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The cover of the March 23, 2017 edition of Time Magazine asks, “Is Truth Dead?”.
But instead of focusing on truth throughout American culture and how developments such as speech codes stifle the free exchange of ideas, the article hones in on the crux of the issue with the more elaborative title of “When A President Can't Be Taken For His Word”.
So was this premiere propaganda outlet of the prevailing establishment as concerned about the issue of truth in government when one President told us that, if we liked our doctor, we could keep our doctor? And what about the President that insisted that he did not have sex with that woman and quibbled once about what the definition of “is” is?
And as Time was shedding crocodile tears over the demise of political veracity, over at Newsweek the hacks there were giving the American people a lesson in how journalism claiming to be objective can still be manipulated to present a slanted view of reality.
For on the March 14, 2017 issue was a caricature of the Statue of Liberty adorned as a member of the border patrol.
The caption that accompanied the illustration read, “Trump's Border War: The Fight Over Immigration Is About To Get Ugly”.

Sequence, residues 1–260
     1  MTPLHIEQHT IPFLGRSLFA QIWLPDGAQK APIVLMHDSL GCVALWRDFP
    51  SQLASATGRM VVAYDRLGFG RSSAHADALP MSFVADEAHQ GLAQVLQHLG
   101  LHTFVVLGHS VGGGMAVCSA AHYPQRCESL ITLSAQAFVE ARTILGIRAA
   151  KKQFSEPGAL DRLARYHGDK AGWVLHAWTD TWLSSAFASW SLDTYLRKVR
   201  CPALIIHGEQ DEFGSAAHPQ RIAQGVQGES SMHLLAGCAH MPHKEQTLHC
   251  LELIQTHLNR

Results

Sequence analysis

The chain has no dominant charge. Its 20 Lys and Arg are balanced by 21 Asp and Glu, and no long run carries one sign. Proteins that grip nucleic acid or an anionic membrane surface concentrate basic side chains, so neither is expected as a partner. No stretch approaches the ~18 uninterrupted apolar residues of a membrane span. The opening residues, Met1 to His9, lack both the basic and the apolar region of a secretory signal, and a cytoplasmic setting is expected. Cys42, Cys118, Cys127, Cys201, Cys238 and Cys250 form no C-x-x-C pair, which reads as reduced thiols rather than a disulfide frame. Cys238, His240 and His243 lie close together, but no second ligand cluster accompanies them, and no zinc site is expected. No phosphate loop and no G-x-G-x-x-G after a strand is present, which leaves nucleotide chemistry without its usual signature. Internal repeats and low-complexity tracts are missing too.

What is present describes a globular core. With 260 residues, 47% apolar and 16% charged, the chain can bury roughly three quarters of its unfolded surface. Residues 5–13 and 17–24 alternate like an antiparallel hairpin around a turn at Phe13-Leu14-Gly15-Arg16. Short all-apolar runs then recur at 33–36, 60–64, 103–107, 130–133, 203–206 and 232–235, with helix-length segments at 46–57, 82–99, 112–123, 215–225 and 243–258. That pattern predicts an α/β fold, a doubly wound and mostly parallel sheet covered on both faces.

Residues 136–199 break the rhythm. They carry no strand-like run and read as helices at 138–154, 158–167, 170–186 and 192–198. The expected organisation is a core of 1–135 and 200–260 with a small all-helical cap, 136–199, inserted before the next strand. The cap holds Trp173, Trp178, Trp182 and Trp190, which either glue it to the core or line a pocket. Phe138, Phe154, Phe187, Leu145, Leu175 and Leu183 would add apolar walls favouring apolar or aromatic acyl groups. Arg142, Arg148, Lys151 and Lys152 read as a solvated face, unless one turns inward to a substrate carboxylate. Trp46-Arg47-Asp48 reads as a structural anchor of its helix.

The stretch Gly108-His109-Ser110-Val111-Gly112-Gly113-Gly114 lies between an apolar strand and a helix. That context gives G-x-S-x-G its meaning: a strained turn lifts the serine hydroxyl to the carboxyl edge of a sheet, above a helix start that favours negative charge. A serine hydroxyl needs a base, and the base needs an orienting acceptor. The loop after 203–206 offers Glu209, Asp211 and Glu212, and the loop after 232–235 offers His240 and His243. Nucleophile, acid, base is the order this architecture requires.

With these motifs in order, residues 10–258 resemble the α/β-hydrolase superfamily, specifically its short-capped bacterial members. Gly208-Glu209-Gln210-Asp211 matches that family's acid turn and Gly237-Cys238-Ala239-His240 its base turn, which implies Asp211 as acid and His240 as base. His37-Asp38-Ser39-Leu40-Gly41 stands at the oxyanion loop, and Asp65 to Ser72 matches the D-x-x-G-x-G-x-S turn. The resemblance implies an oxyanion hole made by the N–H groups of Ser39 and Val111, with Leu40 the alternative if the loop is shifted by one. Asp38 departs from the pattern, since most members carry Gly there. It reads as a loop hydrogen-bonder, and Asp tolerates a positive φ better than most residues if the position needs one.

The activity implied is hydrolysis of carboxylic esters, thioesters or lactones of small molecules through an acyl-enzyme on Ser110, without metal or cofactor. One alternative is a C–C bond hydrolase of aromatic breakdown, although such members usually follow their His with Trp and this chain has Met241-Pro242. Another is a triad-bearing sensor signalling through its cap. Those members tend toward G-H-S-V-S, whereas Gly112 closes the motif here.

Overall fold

And before now the semi-lawless situation at the border where the territorial integrity of the United States has been protected piecemeal like a Kardashian's virtue has adhered to the highest notions of the true, the good, and the beautiful?
Will these elites assure us that the lax enforcement of these laws that has no doubt led to increased human trafficking has not yet turned ugly?
Will these proponents of cultural decay stand up proudly and declare that they are glad a fourteen year old was allegedly raped in a high school restroom by a freshman pushing well into the age of adulthood that shouldn't even have been in the country in the first place?
Journalism as one of the foundational guardians of the Republic indeed ought to be concerned about the state of truth in America.
But it is indeed a shame that a disturbing percentage practicing this craft and profession lack the fortitude to consider the role played by the press in bringing about the state in which the nation now finds itself mired.
By Frederick Meekins